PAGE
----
Different portrayals of women in "Antigone" and "Lysistrata"

Topics: Lysistrata, Sophocles, Oedipus Pages: 5 (1461 words) Published: May 18, 2006
The different portrayals of female characters Antigone and Lysistrata illustrate the fundamental nature of the proper Athenian woman. Sophocles' Antigone allows the reader to see that outrage over social injustices does not give women the excuse to rebel against authority, while Aristophanes' Lysistrata reveals that challenging authority in the polis becomes acceptable only when it's faced with destruction through war. Sophocles and Aristophanes use different means to illustrate the same idea; the ideal Athenian woman's ultimate loyalty lies with her polis. This Greek concept of the proper woman seems so vital when considering Athenian society because both a tragedy and comedy revolve around this concept. The differing roles accorded to Antigone and Lysistrata through their relationships with their families, other women, and society reveals the Athenian idea of the proper woman.

In Sophocles' Antigone, the problems with the main character's role in relation to her family illustrates that the ideal Athenian woman has final loyalty only to her polis. Antigone, the main character of Sophocles' tragedy, plays the role of protector in her relationship with her family. In attempting to fulfill her role she rebels against her polis, breaking the command of her king while attempting to defend the honor of her dead brother and family. Antigone's brother, Polyneices, dies while attempting a hostile takeover of his polis. As punishment for his crimes, Creon, the king, condemns Polyneices, declaring that the people of the polis are not allowed to bury him as he was an enemy of the state and if one was to bury him, the punishment would be death. Antigone decides she must bury he brother to allow him passage to the underworld. She comes to the contradictory conclusion that she will stay loyal to her traitorous brother through blatant disloyalty to her polis.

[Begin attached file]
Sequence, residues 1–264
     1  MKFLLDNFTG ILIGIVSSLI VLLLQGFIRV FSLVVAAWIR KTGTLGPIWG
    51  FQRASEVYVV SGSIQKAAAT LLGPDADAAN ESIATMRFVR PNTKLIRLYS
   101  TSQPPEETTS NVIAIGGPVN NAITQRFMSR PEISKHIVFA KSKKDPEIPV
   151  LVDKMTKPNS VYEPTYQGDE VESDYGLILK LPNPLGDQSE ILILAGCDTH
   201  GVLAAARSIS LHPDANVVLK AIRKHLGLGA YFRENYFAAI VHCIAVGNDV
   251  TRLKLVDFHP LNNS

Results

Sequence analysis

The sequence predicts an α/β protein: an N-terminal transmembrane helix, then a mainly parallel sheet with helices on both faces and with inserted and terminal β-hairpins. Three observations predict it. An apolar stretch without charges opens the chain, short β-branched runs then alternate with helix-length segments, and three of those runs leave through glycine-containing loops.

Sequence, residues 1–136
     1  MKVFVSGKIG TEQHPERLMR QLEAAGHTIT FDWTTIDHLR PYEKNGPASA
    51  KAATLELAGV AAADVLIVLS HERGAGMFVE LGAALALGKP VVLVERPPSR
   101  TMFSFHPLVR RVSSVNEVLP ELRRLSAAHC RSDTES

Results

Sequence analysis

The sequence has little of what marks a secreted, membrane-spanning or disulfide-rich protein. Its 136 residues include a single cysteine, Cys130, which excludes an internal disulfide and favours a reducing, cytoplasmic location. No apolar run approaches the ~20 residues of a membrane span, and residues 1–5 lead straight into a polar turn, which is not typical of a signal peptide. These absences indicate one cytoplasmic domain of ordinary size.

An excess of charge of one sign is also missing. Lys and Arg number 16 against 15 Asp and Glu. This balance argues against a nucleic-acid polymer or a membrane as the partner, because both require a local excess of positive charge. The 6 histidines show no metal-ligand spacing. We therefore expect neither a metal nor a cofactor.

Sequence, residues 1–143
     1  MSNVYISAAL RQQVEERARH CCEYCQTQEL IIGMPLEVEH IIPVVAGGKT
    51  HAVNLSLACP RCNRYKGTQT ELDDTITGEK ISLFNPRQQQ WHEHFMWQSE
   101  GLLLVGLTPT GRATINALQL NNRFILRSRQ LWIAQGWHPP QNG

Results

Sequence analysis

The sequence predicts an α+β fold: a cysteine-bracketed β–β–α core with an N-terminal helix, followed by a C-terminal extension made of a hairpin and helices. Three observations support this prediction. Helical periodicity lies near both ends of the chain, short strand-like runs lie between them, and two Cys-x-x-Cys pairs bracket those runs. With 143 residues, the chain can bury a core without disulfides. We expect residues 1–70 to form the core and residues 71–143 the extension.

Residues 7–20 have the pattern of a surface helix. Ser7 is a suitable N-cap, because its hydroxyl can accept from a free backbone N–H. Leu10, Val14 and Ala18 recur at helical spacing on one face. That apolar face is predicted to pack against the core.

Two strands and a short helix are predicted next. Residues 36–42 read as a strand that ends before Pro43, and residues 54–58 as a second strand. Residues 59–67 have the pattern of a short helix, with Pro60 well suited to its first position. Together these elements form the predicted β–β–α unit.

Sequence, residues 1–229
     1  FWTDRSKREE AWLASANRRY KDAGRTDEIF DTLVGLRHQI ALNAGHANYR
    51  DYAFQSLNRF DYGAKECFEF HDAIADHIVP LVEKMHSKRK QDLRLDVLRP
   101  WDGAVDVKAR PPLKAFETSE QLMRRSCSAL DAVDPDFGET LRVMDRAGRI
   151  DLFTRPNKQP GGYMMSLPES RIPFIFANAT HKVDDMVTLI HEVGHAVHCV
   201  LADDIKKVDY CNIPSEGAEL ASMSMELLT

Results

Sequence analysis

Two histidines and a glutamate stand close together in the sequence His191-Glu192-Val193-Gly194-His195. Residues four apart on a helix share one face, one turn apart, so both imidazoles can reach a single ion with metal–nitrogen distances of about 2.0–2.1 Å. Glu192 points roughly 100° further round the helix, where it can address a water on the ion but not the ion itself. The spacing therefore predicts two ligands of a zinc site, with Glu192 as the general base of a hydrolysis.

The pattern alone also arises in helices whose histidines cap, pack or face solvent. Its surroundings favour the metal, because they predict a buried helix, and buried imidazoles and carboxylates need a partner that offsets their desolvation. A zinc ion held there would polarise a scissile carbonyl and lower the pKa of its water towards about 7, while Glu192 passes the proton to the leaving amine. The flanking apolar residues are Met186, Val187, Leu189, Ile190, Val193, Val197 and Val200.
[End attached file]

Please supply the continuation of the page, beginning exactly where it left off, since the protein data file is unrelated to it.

This role of protector leads Antigone to ignore the possible consequence of her actions. She consciously disregards the king's proclamation and states, "The time in which I must please those that are dead is longer than I must please those of this world" (Antigone, 164). Antigone mistakenly believes that appeasing the gods of the underworld, is more important than the polis and the gods who protect it. Antigone continues denying the possible outcomes of her betrayal; while attempting to justify her impending treachery and the horrible death she will face as a result of her actions. She deludes herself into believing "No suffering of mine will be enough to make me die ignobly"

(Antigone, 165). Through her role of protector in her relationship with her family Antigone begins her betrayal of her polis; this betrayal eventually leads to her death. Sophocles meant for his audience to realize the foolishness of Antigone's rebellion against the polis; thereby illustrating that the proper Athenian women has ultimate loyalty to her polis.

Sophocles continues exploring the concept that the ideal Athenian woman has ultimate loyalty to her polis through the relationship between Antigone and her sister. In the tragedy, Ismene represents the ideal Athenian woman because she acknowledges the supremacy of her government. Ismene attempts to convince her sister of the folly of trying to bury their brother, but Antigone plays the role of the accuser. Antigone turns on her sister, because Ismene understands her duty lies with her king and the polis. Ismene cannot comprehend "defiance of the citizenry" because she acknowledges "...my nature does not give me means for that" (Antigone, 164). Practical Ismene attempts to show Antigone the futility of going against their polis, but Antigone completely ignores Ismene's warnings. Ismene recognizes that Antigone "...desire impossibilities" but she cannot convince her stubborn sister that she goes "...on a fool's errand!" (Antigone, 165). Through Antigone's argument with Ismene one comprehends that Ismene and not Antigone exists as Sophocles' example...

Cited: Aristophanes. Lysistrata. New York: Dover Publications, Oct. 20, 1994.
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